In one of the first decisions issued this term, the Rhode Island Supreme Court confirmed in Wyso v. Full Moon Tide, LLC, No. 2012-195-Appeal; 2012-359-Appeal that neither property owners nor lessees of real property owe a duty of care to those who are injured on an abutting sidewalk.
In Wyso, the plaintiff, who was vacationing on Block Island, tripped and fell on a cracked and uneven section of a public sidewalk. Id. at 2. The sidewalk abutted property owned by Frederick and Deborah Howarth (the “Property Owners”) and leased to Full Moon Tide, LLC and Strings & Things, Inc. (“Lessees”). The plaintiff filed suit against the Property Owners and the Lessees, alleging that they negligently (1) failed to inspect, repair and/or maintain the sidewalk, which caused the plaintiff to fall and suffer injuries and (2) failed to warn the plaintiff of the sidewalk’s dangerous condition. Id. The Property Owners and the Lessees filed separate motions for summary judgment, which were both granted by the trial court.
On appeal, the Supreme Court affirmed the decision of the trial court. In so holding, in reliance on its 2010 decision in Berman v. Sitrin, 991 A.2d 1038, 1047 (R.I. 2010) (more commonly known as the Cliff Walk case) and its earlier decision in Saunders v. Howard Realty Co., 371 A.2d 274 (R.I. 1977), the Court noted that there is “a significant amount of our jurisprudence providing that a property owner owes no duty to individuals for the condition of public sidewalks when the property owner has taken no action to create a dangerous condition.” Id. at 5. In Berman, the Court had held that “[i]t is a well-established legal principle in this jurisdiction, as well as others, that a landowner whose property abuts a public way has no duty to repair or maintain it.” Id. (citing Berman, 991 A.2d at 1047).
Although it is ordinarily difficult to obtain summary judgment in a negligence case, the existence of a duty of care is a question of law to be determined by the court. Id. at 4. “In the absence of such a duty, ‘the trier of fact has nothing to consider and a motion for summary judgment must be granted.’” Id. (quoting Holley v. Argonaut Holdings, Inc., 698 A.2d 271, 274 (R.I. 2009)). Thus, because a property owner owes no duty of care to an individual who is injured on an abutting sidewalk, the Court concluded that summary judgment was proper on plaintiff’s failure to maintain and failure to warn claims. Id. at 4-5.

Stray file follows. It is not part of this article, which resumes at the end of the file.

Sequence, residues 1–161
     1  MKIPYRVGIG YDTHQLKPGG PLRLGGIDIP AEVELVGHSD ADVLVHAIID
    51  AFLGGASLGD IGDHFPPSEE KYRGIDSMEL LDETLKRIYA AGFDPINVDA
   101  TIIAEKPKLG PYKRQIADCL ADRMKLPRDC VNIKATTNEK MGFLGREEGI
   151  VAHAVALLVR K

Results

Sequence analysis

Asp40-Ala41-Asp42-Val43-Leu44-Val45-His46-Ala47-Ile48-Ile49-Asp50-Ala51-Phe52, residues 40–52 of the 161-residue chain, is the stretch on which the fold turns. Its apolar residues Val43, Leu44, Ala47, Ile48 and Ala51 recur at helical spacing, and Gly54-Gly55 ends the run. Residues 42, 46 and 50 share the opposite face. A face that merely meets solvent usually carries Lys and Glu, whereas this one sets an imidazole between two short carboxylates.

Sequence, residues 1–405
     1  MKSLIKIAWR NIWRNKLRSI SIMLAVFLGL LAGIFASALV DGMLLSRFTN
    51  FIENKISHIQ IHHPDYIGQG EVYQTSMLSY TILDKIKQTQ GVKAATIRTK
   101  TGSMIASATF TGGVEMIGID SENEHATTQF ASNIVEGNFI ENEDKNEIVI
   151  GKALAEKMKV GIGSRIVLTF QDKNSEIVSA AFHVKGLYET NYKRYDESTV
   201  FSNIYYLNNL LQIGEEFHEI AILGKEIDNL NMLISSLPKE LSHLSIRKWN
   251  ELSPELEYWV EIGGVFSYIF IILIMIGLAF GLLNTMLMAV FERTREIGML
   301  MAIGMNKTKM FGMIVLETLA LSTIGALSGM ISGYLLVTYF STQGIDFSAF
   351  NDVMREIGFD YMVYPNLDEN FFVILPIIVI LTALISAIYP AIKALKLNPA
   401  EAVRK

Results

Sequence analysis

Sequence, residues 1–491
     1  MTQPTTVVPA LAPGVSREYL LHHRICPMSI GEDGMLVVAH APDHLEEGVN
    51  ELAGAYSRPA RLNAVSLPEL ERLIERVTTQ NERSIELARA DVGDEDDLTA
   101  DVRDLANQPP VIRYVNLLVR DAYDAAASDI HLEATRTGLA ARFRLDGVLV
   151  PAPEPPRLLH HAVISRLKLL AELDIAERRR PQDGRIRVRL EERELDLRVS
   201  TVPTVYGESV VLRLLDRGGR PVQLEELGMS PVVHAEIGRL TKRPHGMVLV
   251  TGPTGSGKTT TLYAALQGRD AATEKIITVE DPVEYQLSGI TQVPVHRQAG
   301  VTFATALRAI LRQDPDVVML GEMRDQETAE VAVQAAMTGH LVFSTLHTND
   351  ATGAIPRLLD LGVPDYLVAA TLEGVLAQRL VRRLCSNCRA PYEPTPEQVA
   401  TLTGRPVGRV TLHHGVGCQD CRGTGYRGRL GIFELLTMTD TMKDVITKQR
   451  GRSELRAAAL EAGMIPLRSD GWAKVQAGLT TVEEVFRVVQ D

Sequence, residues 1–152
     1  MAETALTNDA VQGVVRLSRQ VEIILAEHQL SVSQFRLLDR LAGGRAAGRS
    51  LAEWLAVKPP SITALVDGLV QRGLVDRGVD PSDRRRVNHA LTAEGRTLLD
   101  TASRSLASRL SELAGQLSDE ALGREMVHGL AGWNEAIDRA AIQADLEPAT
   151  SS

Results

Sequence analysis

The Court also rejected the plaintiff’s argument that a duty of care arises from a municipal ordinance that requires landowners to maintain and repair abutting sidewalks. Id. at 6-7. In doing so, the Court concluded that the municipal ordinance was only intended to benefit the municipality and not individuals. Id. at 7.
The Supreme Court’s decision this term did not break new ground but it clearly confirmed that property owners will not be held liable for injuries sustained by individuals traversing abutting sidewalks absent evidence that the property owner caused the defective condition, regardless of any municipal ordinance that requires a landowner to keep abutting sidewalks in good order and repair.